Evidence of modern slavery is often nuanced and requires experience and perspective to interpret (including third-party specialist labour consultants who may be needed to redress and resolve incidents). The table below provides examples of circumstances where modern slavery may or may not be evident, and further examples are provided in the guidance we (and others) published in 2019.

Modern slavery examples

Modern slaveryYesNo
Debt bondageA worker gets into debt to pay fees to secure a job AND they are forced to sign contracts they do not understand, are paid very low sums by the employer – who claims wages are needed to pay off debts, food and accommodation provided by the employer.A migrant worker borrows a small sum from a money lender to secure a job and the loan terms are reasonable (e.g. it can be paid off by the worker within a few months). The worker’s family has not incurred long-term debt because of this loan.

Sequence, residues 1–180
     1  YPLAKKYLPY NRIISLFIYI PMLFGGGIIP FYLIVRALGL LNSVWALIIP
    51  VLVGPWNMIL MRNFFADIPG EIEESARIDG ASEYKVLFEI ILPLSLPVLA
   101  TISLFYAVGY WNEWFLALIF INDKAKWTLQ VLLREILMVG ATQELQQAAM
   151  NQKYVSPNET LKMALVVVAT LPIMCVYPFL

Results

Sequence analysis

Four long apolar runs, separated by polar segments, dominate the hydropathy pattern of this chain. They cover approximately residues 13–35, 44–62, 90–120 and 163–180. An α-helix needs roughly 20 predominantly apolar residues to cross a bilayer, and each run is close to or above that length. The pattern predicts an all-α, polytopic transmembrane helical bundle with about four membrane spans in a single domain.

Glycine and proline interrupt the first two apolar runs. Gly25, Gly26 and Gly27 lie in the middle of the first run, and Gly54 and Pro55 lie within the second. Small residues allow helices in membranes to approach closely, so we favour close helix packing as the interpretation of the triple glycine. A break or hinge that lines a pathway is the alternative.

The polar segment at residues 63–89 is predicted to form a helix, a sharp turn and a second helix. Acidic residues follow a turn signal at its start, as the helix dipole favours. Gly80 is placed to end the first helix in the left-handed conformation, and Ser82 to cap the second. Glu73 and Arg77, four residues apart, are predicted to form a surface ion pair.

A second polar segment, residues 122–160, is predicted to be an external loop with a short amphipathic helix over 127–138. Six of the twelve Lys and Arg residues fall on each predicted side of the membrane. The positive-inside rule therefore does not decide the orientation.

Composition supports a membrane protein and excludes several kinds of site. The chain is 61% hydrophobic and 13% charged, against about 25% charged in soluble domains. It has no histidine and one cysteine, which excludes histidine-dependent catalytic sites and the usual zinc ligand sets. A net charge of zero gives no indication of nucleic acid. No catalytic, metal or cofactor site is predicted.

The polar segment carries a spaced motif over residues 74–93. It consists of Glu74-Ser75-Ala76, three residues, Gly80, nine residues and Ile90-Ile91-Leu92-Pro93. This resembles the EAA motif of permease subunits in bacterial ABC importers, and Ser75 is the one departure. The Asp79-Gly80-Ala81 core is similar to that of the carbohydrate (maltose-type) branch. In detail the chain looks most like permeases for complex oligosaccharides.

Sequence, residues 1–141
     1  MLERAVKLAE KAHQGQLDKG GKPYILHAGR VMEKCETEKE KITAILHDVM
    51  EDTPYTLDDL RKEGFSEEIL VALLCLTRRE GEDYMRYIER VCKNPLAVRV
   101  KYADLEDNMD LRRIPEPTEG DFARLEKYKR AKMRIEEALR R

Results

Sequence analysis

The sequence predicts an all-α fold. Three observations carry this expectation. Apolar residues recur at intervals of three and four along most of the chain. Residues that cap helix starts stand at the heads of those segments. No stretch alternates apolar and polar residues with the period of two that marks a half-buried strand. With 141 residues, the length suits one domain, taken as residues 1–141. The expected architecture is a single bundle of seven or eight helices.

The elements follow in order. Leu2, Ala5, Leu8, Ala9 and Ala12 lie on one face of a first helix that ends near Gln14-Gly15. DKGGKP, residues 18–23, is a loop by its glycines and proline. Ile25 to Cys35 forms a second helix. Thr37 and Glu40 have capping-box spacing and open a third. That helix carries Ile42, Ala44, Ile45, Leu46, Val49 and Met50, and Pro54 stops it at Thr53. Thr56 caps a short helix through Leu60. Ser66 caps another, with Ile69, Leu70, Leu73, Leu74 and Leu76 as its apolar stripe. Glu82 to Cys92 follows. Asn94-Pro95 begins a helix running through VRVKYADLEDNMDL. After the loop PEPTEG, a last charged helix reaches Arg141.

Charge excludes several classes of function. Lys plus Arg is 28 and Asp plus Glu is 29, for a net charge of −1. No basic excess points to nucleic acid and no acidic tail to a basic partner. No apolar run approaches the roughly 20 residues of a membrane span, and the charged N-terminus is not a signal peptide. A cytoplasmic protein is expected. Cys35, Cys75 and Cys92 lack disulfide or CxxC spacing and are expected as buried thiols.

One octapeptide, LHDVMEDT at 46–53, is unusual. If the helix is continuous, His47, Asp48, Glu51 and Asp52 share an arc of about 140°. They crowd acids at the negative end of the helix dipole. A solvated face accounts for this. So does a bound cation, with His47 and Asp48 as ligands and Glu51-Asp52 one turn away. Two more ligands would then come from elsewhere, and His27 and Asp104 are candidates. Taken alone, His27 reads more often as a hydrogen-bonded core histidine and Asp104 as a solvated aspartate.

Excessive overtimeFactory workers are given no choice on whether they work overtime and are threatened with dismissal or violence if they refuse. AND the hours worked are in excess of those allowed by national law.Workers in a factory are contractually required to work overtime up to the legal monthly limit to meet production targets.
Retention of identity documentsAn employer confiscates important ‘permission to work’ documents belonging to migrant workers when they start work AND these workers are told documents will only be returned after they complete the assigned work.All company employees are asked to give their passports to their manager when they start work. However, the worker freely provides consent to this, as the passport is held for safekeeping by the employer and the worker is able to access their own documents at any time.